These antecedents explain the notable influence that he later exercised in Libya and over other political leaders, whether or not they are now for or against Gaddafi.
He initiated his political life with unquestionably revolutionary acts.
In March 1970, in the wake of mass nationalist protests, he achieved the evacuation of British soldiers from the country and, in June, the United States vacated the large airbase close to Tripoli, which was handed over to military instructors from Egypt, a country allied with Libya.
In 1970, a number of Western oil companies and banking societies with the participation of foreign capital were affected by the Revolution. At the end of 1971, the same fate befell the famous British Petroleum. In the agricultural sector all Italian assets were confiscated, and the colonialists and their descendants were expelled from Libya.
State intervention was directed toward the control of the large companies. Production in that country grew to become one of the highest in the Arab world. Gambling was prohibited, as was alcohol consumption. The legal status of women, traditionally limited, was elevated.
The Libyan leader became immersed in extremist theories as much opposed to communism as to capitalism. It was a stage in which Gaddafi devoted himself to theorizing, which would be meaningless to include in this analysis, except to note that the first article of the Constitutional Proclamation of 1969, established the "Socialist" nature of the Libyan Arab Jamahiriya.
What I wish to emphasize is that the United States and its NATO allies were never interested in human rights.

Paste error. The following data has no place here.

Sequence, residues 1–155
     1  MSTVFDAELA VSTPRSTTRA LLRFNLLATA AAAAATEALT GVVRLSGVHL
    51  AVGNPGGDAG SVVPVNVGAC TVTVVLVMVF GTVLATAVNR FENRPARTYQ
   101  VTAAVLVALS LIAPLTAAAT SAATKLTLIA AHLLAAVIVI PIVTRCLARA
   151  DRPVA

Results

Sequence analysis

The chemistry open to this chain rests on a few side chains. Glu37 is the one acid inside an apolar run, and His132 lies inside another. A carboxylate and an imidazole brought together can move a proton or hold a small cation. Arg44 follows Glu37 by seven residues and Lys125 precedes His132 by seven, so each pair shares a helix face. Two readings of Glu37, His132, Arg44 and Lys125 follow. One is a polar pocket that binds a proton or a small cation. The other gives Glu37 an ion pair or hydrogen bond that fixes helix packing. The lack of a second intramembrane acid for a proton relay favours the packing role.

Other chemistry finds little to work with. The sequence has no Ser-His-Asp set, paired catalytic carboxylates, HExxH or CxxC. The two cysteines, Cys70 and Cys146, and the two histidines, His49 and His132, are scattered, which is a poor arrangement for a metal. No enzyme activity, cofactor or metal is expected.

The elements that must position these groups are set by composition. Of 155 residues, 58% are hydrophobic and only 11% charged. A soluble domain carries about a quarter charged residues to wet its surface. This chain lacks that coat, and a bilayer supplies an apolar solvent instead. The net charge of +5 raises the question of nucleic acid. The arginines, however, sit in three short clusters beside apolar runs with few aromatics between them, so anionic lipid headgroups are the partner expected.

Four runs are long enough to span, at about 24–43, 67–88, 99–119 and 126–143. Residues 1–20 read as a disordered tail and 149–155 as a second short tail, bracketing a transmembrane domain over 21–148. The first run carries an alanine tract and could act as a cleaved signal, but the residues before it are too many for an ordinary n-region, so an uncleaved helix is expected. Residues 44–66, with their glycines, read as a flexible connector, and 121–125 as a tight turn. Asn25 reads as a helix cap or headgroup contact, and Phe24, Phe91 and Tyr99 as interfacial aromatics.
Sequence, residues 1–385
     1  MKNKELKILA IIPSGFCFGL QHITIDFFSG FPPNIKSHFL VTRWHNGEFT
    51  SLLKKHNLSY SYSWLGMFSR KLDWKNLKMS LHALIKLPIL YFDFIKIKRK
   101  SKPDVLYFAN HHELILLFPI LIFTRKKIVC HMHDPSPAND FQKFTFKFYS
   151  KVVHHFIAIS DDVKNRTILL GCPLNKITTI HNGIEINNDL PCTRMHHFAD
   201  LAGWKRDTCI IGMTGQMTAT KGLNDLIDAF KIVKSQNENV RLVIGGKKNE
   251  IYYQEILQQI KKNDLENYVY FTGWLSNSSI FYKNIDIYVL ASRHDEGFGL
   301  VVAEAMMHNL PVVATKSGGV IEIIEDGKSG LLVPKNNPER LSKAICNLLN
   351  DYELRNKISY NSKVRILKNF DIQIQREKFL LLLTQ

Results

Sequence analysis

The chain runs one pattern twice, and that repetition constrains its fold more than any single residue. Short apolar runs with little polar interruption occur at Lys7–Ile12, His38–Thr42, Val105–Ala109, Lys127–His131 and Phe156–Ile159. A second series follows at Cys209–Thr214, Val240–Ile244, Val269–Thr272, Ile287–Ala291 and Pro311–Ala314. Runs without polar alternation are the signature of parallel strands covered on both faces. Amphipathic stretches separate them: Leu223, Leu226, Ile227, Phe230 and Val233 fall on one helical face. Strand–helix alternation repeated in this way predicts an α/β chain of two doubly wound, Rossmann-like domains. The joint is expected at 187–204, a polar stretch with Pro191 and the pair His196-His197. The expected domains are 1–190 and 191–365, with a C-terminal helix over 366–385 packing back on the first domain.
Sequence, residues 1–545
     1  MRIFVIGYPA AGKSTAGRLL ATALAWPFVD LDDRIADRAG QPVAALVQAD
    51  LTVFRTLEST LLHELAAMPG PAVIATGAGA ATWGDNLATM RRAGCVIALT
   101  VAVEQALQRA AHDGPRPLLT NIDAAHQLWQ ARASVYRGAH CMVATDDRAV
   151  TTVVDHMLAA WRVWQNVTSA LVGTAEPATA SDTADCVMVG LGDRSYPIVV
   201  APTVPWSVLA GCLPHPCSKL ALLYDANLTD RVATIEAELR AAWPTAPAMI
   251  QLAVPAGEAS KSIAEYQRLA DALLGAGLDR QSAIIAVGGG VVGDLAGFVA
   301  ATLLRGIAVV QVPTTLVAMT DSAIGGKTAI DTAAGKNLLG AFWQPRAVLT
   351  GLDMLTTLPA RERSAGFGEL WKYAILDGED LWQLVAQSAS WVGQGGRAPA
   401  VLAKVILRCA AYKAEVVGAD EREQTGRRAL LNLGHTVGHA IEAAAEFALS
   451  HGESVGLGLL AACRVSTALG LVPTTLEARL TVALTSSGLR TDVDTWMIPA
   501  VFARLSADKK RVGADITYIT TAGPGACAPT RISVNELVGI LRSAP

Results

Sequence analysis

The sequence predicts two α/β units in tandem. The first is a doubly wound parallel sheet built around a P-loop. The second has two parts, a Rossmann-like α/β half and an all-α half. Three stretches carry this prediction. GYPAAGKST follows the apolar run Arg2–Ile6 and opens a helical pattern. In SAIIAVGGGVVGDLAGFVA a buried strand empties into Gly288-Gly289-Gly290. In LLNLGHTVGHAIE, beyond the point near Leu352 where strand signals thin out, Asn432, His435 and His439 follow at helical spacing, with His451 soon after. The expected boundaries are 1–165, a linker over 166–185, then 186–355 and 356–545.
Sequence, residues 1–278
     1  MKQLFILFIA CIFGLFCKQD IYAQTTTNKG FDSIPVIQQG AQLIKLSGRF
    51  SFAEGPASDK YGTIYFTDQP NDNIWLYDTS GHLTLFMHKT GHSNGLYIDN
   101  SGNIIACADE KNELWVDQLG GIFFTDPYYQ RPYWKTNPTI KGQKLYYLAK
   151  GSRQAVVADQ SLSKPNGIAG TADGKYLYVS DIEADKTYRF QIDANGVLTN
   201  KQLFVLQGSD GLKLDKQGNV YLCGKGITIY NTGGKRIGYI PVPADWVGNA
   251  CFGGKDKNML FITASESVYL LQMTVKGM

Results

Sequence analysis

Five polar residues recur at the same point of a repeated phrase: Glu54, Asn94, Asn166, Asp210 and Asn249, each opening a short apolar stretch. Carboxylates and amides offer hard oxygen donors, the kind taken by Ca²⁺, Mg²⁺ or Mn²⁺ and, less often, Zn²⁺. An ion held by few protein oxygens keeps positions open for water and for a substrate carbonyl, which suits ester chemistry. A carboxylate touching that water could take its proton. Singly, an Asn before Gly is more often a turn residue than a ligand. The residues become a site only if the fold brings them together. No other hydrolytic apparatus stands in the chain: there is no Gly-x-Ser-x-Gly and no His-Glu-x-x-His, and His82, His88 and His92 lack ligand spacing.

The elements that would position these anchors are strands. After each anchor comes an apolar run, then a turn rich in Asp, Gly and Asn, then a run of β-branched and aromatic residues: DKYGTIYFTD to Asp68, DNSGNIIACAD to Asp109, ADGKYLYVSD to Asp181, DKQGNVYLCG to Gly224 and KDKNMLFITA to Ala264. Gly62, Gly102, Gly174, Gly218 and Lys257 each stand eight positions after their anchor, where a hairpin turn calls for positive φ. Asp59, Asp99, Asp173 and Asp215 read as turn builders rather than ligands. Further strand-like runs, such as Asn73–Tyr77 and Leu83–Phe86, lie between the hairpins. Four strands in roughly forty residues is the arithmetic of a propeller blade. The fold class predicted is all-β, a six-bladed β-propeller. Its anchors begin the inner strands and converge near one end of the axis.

The pandemonium that occurred in the Security Council, in the meeting of the Human Rights Council based in Geneva, and in the UN General Assembly in New York, was pure theater.
I can perfectly comprehend the reactions of political leaders embroiled in so many contradictions and sterile debates, given the intrigue of interests and problems which they have to address.
All of us are well aware that status as a permanent member, veto power, the possession of nuclear weapons and more than a few institutions, are sources of privilege and self-interest imposed on humanity by force. One can be in agreement with many of them or not, but never accept them as just or ethical measures.
The empire is now attempting to turn events around to what Gaddafi has done or not done, because it needs to militarily intervene in Libya and deliver a blow to the revolutionary wave unleashed in the Arab world. Through now not a word was said, silence was maintained and business was conducted.
Whether a latent Libyan rebellion was promoted by yankee intelligence agencies or by the errors of Gaddafi himself, it is important that the peoples do not let themselves be deceived, given that, very soon, world opinion will have enough elements to know what to believe.
In my opinion, and as I have expressed since the outset, the plans of the bellicose NATO had to be condemned.
Libya, like many Third World countries, is a member of the Non-Aligned Movement, the Group of 77 and other international organizations, via which relations are established independently of economic and social system.
Briefly: the Revolution in Cuba, inspired by Marxist-Leninist and Martí principles, had triumphed in 1959 at 90 miles from the United States, which imposed the Platt Amendment on us and was the proprietor of our country’s economy.
Almost immediately, the empire promoted against our people dirty warfare, counterrevolutionary gangs, the criminal economic blockade and the mercenary invasion of the Bay of Pigs, guarded by an aircraft carrier and its marines ready to disembark if the mercenary force secured certain objectives.